But you can over-insure and under-insure to your detriment. If you over-insure, the insurance company may elect to repair the aircraft even when it has suffered major damage-leaving you to deal with significant damage history, loss of use of the aircraft while it undergoes lengthy repair and no compensation for diminution of value. Conversely, if you under-insure, the insurance company may opt to pay you the insured value and then sell the salvage, meaning you'd lose your equity.
In this volatile economic market, many aircraft values have taken a hit. Make sure to review your hull coverage at least annually (don't forget to consider any loan or lease requirements) and adjust the amount if necessary.
4. Review the structure of the policy's "named insured." Many owners make the mistake of simply listing the registered owner (often a sole-asset LLC) as the only "named insured." Properly structuring the named insured is crucial because the entities or persons who truly need the protection may not have it if the policy isn't written properly. In addition, many of the ancillary coverages, including the use of non-owned aircraft, apply only to the named insured. For example, say the owner's aircraft is on a flight and another executive of the company must therefore use charter. If the flight is chartered under the actual operating company's name, the coverage for use of non-owned aircraft wouldn't apply, leaving the operating company exposed to a lawsuit in the event of an accident.
You might think you needn't worry about that and that your company couldn't be sued if all you did was charter an aircraft. In fact, though, when an accident occurs, typically everyone involved in the loop of commerce for that flight will be brought into a lawsuit. Keep in mind that one of the great benefits of your liability policy is that it provides an attorney to defend you, even against a suit that is groundless.
5. Choose an insurance broker that specializes in aviation. Your property/casualty broker is probably fine for handling your general insurance needs, but if you required heart surgery, you'd want a heart surgeon, not a GP. For similar reasons, you need an insurance brokerage that deals exclusively in aviation.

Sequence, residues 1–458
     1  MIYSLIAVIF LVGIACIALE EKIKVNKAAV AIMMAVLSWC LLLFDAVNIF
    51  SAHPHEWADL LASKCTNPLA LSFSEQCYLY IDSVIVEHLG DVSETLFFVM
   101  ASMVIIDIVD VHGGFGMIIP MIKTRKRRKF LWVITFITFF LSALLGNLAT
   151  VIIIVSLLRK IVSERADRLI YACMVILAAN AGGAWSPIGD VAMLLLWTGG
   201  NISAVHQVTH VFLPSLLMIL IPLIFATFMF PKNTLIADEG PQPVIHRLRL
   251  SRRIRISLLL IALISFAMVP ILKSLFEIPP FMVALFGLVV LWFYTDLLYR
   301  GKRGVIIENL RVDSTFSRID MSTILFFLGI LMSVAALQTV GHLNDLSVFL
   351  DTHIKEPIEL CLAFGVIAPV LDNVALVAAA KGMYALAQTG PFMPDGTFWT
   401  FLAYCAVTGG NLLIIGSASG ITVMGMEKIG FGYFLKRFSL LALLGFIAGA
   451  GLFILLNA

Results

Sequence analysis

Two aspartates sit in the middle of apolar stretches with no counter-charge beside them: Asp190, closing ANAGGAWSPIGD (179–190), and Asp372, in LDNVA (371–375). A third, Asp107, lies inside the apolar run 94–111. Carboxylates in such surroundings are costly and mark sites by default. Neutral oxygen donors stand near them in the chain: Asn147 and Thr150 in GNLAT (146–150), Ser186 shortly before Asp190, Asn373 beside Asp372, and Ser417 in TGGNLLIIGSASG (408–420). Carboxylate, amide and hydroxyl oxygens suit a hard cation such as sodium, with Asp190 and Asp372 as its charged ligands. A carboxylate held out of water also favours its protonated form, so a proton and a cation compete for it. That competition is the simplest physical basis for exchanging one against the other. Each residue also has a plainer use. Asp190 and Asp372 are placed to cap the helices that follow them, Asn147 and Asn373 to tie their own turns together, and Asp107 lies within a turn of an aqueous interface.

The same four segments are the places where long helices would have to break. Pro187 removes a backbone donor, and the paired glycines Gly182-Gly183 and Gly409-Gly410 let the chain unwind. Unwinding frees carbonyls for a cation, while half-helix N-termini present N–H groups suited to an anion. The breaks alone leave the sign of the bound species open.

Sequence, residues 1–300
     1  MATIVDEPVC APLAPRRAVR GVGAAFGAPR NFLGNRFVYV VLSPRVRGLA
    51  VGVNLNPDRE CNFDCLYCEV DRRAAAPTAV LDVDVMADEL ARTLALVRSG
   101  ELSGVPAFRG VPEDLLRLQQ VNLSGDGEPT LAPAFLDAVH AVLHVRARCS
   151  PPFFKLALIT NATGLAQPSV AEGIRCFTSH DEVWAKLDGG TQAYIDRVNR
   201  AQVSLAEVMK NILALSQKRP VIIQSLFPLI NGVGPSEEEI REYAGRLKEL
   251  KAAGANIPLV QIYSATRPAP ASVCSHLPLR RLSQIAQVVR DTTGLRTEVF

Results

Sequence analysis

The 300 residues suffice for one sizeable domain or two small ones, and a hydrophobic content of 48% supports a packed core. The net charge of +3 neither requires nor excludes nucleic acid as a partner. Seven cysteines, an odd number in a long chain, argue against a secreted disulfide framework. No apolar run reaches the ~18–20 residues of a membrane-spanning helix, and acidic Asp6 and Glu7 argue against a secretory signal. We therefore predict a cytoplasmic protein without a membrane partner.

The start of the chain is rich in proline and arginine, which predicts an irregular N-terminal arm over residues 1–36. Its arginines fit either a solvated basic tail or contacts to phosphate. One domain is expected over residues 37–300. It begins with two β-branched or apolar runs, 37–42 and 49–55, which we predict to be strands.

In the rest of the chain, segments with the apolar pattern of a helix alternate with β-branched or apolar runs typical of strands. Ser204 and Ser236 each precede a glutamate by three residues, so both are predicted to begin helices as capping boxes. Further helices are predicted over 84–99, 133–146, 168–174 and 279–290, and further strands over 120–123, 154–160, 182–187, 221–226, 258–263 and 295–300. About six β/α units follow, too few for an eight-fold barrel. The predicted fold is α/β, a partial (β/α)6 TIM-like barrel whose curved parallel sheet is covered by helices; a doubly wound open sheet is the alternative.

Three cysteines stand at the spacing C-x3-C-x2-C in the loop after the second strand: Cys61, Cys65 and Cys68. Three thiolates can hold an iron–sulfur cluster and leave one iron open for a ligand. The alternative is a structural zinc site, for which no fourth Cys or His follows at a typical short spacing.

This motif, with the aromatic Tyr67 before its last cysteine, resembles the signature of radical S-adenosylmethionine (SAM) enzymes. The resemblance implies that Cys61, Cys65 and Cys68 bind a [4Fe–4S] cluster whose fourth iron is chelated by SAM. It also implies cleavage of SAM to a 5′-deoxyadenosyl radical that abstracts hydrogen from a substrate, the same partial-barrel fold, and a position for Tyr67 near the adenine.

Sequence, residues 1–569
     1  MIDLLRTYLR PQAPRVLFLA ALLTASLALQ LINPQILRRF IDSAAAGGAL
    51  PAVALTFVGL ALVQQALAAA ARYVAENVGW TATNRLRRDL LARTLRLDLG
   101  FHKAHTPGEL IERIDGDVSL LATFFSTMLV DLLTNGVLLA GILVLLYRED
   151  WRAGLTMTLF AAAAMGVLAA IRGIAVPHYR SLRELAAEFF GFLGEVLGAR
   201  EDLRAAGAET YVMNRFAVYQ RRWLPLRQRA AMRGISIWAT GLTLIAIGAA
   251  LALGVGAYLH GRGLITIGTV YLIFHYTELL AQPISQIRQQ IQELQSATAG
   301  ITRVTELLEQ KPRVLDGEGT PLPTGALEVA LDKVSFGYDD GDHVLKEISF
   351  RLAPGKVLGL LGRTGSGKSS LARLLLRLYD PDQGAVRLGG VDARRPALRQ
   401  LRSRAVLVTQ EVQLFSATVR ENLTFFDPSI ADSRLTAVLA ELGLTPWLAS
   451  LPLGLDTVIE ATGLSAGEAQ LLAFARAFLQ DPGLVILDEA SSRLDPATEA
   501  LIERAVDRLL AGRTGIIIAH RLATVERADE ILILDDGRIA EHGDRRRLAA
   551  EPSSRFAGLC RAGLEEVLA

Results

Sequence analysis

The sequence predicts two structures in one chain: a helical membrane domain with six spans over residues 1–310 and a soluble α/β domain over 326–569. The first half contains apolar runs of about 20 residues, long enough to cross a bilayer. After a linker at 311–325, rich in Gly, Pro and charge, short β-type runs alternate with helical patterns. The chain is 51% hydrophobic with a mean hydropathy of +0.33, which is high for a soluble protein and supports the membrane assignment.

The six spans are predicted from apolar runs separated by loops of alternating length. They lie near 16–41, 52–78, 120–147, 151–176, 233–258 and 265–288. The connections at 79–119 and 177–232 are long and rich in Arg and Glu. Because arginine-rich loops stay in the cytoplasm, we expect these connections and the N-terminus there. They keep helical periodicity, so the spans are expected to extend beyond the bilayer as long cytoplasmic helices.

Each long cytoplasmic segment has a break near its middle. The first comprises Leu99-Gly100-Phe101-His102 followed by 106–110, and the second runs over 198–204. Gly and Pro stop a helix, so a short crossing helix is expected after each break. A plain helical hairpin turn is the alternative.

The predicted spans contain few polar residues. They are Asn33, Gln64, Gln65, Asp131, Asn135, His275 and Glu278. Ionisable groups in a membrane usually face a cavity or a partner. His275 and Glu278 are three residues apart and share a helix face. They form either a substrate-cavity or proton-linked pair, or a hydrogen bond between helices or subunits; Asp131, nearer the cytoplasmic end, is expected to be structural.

Unlike other lines of property/casualty insurance, which are written on standard forms, aviation policies vary widely, and some are much broader than others. This makes apples-to-apples comparisons extremely difficult. A good aviation insurance broker can help you find the policy that best fits your operation.
In addition, these brokers deal with the underwriting companies every day on multiple aviation risks and have large books of business with each, which gives them lots of clout. An aviation broker will know which underwriter at each insurance company is the most reasonable to deal with; what a competitive rate should be on a particular account; and what coverage is available at no extra charge. He'll also know when to negotiate-and how hard-to secure a lower premium, broader policy forms or ancillary coverage.
6. Review the insurer's financial stability and claims philosophy. Firms such as A.M. Best and Standard & Poor's monitor and rate the financial health of insurance companies on a daily basis. In today's business environment, it's much harder to identify the truly solid insurance companies, the importance of which cannot be overstated. Often, lawsuits generated by aviation accidents can drag out over five to seven years. Your mission is to select an insurer that will be around for the long haul to cover those long "tail" claims.
All six of these steps are vital. Remember, the financial stakes are too high to give less than full attention to your aviation insurance. No company ever thinks its jet will be involved in an accident. But accidents happen, even to the best flight departments. Take command now before a loss occurs.